Below is a review of Watford FC book Tales from the Vicarage by trainee sports reporter and Hornets fan Colin Cowan.

Hornets fan and journalist Lionel Birnie has pulled together a number of talented writers to produce a Watford FC book which is a must-have for any Golden Boys followers and a perfect stocking filler.

Tales from the Vicarage consists of 11 authors from different sections of the media and is an enjoyable read which appeals to all - if one chapter doesn't take your fancy then there are plenty more to choose from.

This is the fourth Watford book from Birnie, who used to work at the Watford Observer, following the success of Four Seasons, Enjoy The Game and The 100 Greatest Watford wins.

The book starts with a chapter by former England and Watford goalkeeper David James, where talks about his struggles whilst in the Hornets youth team. He also reveals the identity of the club he supported as a boy, which might shock and disappoint some readers. I really enjoyed this chapter and it is a great way to start to the book.

Simon Burnton of the Guardian looks at a period of considerable change at Vicarage Road; with a change to the colour of the kit, the badge and also the club's nickname. It is an interesting and time-sensitive chapter considering what has recently happened at Cardiff City. I was not aware of why Watford are now called the Hornets and Simon Burton's section would be worth reading just for that story alone..

What would it be like if Graham Taylor released an autobiography? Could Graham Taylor actually be God? Olly Wickens writes a fictional version of what he thinks Taylor would write in an excellent chapter. This is one of my favourite chapters in the book and it will bring a smile to any Watford fan's face.

Watford have supporters around the world and many are unable to attend matches at all, let alone on a regular basis. John Anderson discusses how moving away from the area early on in his life and also his work has resulted in a lack of visits to Vicarage Road. I found myself relating to this chapter in particular as I spent all of my childhood in different countries so had very few trips to Vicarage Road.

In a fascinating chapter, Sky Sports News presenter Adam Leventhal interviewed two former Watford managers who split opinion following their departures. Current Liverpool manager Brendan Rodgers and Cardiff City boss Malky Mackay discuss their time at Vicarage Road and their subsequent departures. One of the men admits he made a mistake and should have stayed for longer.

This great chapter may change people’s perceptions of the duo and is one of the best sections in the book in my opinion. Many fans may see that it includes both Rodgers and Mackay and feel that they don’t want to read on but I encourage you to do so as you may be in for a surprise or two.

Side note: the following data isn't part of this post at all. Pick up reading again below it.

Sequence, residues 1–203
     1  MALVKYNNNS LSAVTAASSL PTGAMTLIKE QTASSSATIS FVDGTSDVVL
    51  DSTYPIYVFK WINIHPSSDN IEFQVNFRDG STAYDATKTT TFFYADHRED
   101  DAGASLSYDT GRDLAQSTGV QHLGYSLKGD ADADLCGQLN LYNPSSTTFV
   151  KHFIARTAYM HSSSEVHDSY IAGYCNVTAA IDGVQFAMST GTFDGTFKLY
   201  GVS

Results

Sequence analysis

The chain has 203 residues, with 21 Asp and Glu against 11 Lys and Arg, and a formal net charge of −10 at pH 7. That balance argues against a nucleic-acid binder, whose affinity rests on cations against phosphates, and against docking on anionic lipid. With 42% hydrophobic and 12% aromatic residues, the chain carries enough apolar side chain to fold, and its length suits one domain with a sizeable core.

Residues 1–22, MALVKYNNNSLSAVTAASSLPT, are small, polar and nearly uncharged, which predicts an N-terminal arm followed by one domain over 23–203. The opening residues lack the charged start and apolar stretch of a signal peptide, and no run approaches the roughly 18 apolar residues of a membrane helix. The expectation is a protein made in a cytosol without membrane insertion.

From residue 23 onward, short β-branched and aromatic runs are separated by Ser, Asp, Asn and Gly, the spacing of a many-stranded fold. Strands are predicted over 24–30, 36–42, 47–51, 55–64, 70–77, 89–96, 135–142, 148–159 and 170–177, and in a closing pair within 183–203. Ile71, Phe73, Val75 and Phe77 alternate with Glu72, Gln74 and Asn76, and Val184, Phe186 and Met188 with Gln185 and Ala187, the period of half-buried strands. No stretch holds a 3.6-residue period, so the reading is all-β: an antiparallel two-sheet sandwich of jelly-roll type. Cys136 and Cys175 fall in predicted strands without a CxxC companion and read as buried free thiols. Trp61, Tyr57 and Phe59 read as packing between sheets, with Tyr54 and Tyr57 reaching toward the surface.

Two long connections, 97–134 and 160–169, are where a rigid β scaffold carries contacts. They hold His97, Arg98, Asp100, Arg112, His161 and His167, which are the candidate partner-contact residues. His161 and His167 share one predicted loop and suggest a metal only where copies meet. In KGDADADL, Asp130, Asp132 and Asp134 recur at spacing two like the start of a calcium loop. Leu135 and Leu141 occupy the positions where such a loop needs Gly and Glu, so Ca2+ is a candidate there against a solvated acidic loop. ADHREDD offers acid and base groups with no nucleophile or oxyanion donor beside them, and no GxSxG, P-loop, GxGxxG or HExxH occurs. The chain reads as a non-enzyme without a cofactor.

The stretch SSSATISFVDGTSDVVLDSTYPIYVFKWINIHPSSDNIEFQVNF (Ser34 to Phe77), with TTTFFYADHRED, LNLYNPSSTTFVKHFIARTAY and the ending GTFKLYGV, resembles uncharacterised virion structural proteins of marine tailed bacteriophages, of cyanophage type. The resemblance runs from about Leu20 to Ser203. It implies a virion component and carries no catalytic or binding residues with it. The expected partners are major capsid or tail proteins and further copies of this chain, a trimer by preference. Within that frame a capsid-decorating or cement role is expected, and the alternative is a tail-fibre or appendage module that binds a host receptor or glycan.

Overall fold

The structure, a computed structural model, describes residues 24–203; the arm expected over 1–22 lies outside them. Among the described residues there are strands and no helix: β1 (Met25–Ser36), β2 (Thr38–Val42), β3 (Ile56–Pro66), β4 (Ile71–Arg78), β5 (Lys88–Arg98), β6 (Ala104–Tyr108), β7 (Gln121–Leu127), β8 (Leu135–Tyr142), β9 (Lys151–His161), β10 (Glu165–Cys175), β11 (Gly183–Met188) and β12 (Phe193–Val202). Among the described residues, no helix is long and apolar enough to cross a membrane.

Former Watford press officer Andrew French discusses what it was like to be around the club in the 1999/2000 season when the club were in the Premier ship. In a great behind the scenes view, French reveals what it was like following and reporting on the Golden Boys home and away in the so called 'promised land'. This is another great look at how the club is run behind the scenes, especially as they prepared for their first season in the Premiership. I found this a very interesting chapter as it tells the story of what wasn’t published during the 1999/2000 season.

Tim Turner talks about how important the community spirit is at the club. Being part of the Watford family is vital and it is one of the reasons so many people come back. Turner writes that you are never alone at Vicarage Road. This chapter shows how important the club's family values are to all of its fans and how welcoming the club is to new supporters. This chapter shows the real reason about what supporting Watford is really about and is an excellent read.

Former Watford Observer sports editor Oliver Phillips looks at the last six decades of the Hornets' history. In a chapter that has in-depth information on the history of the Hertfordshire side, Phillips looks at a time when he was watching the side as a school boy right up to when he was covering them for the Watford Observer. Having not been around for many of these seasons, it was a great read to see what the club was like before I supported the team. For those who followed the club during that era, it is a great nostalgic read.

Kevin Affleck looks at Aidy Boothroyd's reign when he was covering the club for the Watford Observer. This chapter is a great insight in to what happened behind the scenes during the latest Premier League season and reveals what went on off the pitch. This was probably my favourite chapter and is one that I would highly recommend.

The author of the book, Lionel Birnie, looks at the last time Italian's were involved at Watford prior to the recent takeover by the Pozzo family. Birnie talks to the one of the success stories of the Gianluca Vialli reign - defender and European Cup winner Filippo Galli. This is an interesting look at the Vialli season and how the Hornets dealt with life after Graham Taylor.

As a producer at the BBC, Stuart Hutchinson has spent hours searching for Watford-related footage in the BBC archive. Hutchinson talks about how this became an obsession for him and it is another good chapter.

Tales from the Vicarage is another excellent book by Birnie and it is a must have for any Watford fans. It is an excellent read and reveals some exclusive information that Hornets fans will find intriguing. This would make an excellent Christmas present for any Watford fan and I highly recommend adding it to your list for Santa.

The book is £9.99 and is available now in Waterstone's in The Harlequin centre or from